Today was all about getting the main gear fairings installed. Following the example of the brilliant and benevolent Mike Beasley, I cut up a bunch of cardboard 1/32″ (0.031″) spacers.
Using painters tape I then secured the spacers a few inches apart underneath the edge of each gear fairing.
After painting on a thin application of epoxy to the mating areas on the gear, I then applied flox to the gear leg and slid each gear fairing down into place, so that it rested on the 1/32″ cardboard spacers.
I then taped and clamped the gear fairings in place to ensure the edge was nice and tight against the gear… to result in the smoothest transition as possible from fairing to gear leg. I then left the flox to cure.
I then started work on reinstalling the nose gear actuator.
After a number of canard aircraft pre-buy inspections, Marc Zeitlin has reported some issues with the Jack Wilhelmson EZLift nose gear actuator securing pivot bolts coming loose. It’s been an active thread periodically on the Cozy discussion boards. Various cures to these ails have included Jack’s new pivot pins with star washers (on hand), Nord Lock washers to secure the pivot bolts in place (on hand), and ANH5-12A drilled head bolts to secure with safety wire (on hand).
However, when I was reading the original install instructions, I ran across something interesting where it stated that if you swap out the bolts, ensure they are the same length. If too long they can hit the internal threaded screw and lock up the actuator. I would surmise that this would result in damage as well…
I do have the same size replacement bolts on hand, just with drilled heads for safety wire. But the Nord Lock washers (light blue arrows) present a potential problem, since they are much thinner than the original split ring and standard washer pair… about 0.1″ difference between the two setups.
Hmmm… what to do? So I called Jack. He said that the issue was that there is a slight pivot of about 5º each direction as the nose gear transits up and down. Moreover, if there is a slight misalignment during install it will cause one or both bolts to slowly loosen up due to this pivoting action.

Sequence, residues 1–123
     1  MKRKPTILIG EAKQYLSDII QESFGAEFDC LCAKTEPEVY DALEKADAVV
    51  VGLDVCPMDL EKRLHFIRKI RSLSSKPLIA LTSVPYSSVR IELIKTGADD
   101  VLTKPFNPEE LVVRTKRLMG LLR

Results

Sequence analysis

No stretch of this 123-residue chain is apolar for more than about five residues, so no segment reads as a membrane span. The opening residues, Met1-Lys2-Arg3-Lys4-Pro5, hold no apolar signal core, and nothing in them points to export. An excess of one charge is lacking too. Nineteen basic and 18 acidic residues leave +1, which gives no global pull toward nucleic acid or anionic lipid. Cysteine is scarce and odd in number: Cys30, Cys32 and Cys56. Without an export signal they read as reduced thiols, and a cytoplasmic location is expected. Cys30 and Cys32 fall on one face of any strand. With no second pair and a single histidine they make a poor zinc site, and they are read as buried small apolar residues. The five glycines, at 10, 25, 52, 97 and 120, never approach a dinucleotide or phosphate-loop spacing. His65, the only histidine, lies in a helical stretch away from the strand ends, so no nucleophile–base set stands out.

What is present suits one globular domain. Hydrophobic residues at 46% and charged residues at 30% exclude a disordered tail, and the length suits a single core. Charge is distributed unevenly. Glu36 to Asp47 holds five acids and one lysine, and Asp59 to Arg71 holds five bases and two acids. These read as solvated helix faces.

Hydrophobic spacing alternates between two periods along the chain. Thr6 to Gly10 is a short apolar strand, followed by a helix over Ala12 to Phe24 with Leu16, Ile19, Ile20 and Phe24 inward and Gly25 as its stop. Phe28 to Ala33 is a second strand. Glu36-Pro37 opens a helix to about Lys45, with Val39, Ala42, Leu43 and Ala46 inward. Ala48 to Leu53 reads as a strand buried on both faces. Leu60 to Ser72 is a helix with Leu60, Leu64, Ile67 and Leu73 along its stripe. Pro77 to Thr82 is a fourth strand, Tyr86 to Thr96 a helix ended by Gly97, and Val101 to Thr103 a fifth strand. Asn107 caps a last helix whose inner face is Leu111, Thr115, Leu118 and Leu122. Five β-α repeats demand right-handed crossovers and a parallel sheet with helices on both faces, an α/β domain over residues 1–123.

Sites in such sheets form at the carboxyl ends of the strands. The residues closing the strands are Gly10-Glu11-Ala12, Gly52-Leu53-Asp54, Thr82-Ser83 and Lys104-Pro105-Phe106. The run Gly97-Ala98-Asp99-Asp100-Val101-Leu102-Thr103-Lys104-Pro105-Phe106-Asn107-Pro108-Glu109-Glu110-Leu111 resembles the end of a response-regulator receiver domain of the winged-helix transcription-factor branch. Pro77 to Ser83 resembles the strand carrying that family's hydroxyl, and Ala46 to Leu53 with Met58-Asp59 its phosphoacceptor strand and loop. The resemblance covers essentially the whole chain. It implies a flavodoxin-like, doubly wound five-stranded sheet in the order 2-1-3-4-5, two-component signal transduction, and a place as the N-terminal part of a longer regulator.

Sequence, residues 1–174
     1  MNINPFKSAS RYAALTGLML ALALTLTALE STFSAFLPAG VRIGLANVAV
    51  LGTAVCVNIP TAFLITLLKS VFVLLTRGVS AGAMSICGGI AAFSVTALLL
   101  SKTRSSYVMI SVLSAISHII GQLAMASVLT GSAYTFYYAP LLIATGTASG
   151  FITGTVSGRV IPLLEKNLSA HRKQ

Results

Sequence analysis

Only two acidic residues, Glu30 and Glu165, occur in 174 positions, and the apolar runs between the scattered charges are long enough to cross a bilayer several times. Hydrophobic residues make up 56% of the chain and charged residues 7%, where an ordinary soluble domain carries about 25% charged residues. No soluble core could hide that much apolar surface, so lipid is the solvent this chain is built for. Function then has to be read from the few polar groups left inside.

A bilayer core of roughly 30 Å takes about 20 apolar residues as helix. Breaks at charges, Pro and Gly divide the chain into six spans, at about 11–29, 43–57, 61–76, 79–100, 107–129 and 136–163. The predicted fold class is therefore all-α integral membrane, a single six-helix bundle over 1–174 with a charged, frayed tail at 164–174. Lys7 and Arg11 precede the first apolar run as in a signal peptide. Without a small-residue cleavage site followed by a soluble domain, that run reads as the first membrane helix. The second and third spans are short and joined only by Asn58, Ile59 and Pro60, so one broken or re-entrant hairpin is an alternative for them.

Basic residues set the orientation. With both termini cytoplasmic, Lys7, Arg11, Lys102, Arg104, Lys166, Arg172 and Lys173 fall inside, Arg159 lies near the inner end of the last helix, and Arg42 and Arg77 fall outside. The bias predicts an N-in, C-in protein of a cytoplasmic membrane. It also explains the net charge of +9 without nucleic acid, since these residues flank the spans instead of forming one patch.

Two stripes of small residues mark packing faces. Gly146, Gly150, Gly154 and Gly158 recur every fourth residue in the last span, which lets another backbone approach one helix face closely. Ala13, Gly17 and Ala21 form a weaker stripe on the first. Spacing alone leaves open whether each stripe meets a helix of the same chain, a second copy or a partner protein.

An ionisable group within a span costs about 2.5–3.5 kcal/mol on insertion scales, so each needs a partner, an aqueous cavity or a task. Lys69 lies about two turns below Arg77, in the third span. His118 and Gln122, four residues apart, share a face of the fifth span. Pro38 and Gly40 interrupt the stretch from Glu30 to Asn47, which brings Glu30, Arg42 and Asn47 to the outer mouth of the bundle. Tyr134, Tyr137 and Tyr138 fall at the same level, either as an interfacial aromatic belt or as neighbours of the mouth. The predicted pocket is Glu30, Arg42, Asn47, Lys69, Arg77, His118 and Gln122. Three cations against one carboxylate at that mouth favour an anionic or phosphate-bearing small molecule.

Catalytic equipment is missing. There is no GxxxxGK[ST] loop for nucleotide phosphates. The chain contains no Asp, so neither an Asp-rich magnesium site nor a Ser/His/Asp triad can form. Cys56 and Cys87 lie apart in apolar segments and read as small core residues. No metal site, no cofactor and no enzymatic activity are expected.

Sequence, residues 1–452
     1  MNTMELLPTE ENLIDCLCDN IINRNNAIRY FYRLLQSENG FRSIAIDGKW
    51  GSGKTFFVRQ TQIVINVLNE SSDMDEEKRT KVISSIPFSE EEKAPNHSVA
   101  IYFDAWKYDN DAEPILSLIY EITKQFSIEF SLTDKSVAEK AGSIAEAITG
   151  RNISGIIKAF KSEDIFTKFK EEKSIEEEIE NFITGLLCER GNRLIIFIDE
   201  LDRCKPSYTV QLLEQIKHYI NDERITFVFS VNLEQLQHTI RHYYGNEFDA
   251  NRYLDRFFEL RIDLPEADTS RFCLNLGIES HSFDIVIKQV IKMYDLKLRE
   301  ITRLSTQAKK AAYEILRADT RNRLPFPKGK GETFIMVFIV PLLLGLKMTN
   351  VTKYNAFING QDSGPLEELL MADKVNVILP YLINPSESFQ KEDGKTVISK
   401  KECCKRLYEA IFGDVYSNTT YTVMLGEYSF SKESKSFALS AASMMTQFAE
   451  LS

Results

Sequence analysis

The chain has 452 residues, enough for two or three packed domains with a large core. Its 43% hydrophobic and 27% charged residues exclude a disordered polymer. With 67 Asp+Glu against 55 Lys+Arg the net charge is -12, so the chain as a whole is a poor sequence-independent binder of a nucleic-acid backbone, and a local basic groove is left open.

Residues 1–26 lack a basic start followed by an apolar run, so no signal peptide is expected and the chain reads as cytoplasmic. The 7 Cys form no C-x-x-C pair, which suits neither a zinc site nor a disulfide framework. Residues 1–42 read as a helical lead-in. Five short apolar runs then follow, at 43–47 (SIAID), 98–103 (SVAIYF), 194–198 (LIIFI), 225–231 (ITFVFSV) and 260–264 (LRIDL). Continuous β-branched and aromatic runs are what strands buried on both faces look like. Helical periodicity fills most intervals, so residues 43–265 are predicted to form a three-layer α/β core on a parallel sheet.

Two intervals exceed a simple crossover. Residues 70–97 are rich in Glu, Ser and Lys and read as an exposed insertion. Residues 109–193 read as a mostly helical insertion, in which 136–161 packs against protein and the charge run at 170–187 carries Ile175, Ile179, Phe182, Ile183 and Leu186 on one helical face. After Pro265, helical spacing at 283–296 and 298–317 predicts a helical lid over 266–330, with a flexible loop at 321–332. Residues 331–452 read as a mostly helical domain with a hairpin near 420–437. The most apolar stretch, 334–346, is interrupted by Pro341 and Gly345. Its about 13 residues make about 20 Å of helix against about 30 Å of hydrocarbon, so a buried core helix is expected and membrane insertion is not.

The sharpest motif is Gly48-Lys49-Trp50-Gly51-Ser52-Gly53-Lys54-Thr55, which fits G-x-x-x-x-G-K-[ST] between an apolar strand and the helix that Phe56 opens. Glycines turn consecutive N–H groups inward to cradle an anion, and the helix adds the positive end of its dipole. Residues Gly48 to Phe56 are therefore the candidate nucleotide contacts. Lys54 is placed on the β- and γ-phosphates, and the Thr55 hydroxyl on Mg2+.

Thus, the Nord Lock washers —designed to really lock down a bolt against vibration— are not the best suited for this application, and also why there is a split ring washer in the mix. Jack did think safety-wiring was the best option to keep the bolts in place, as even with the slight pivot action occurring there would be just a hair enough give in the wire to allow for the minute movements required.
Between the spacing issue and actually too good of gripping action with the Nord Lock washers, I pulled them from the lineup and went back to using the original flat and split ring washer setup. I am still using Jack’s upgraded pivot bolt pins with star washers, and the drilled bolt heads for safety wiring (the bolts in the pic below are actually the same length, just angled in different directions).
With my hardware squared away I then prepped everything to reinstall the nose gear actuator back into the nose of the plane. However, I then encountered a clearance problem with the NG3/4 bracket catching the edge lip on the nose gear actuator arm. Essentially the NG3 that wraps around the nose gear strut protrudes about 3/16″ farther aft than the interior NG4 bracket and is catching the lip on the actuator arm. It did this very slightly before, but after remounting the NG3/4 brackets with industrial adhesive it is pronounced enough to block the insertion of the actuator arm.
I didn’t grab any pics of this, but will. I’ll ponder on my corrective actions and will report back in another day or two.
With the flox still curing on the main gear fairings install, I then grabbed the epoxy-wiped aft nose/avionics cover and took it outside for a good sanding. I spent almost an hour sanding it down in prep for minor surface refills and primer.
After it dried from the wet sanding, I saw a few more spots I need to hit. But for the most part this thing is ready for next steps.
Nearly 8 hours later I pulled the tape and clamps off the floxed in place main gear fairings.
I cleaned up the excess flox and then sanded down the fairing edges at the seam with the gear leg surface.
I then cut a single ply of BID about 2″ wide and laid it up over the seam on each gear fairing, with a minor bit of flox at the transition between fairing and gear leg. I then peel plied the layups.
Here’s another shot of the 1 ply layups securing the gear fairings to the main gear legs.
I then left the gear fairing glass to cure and called it a night.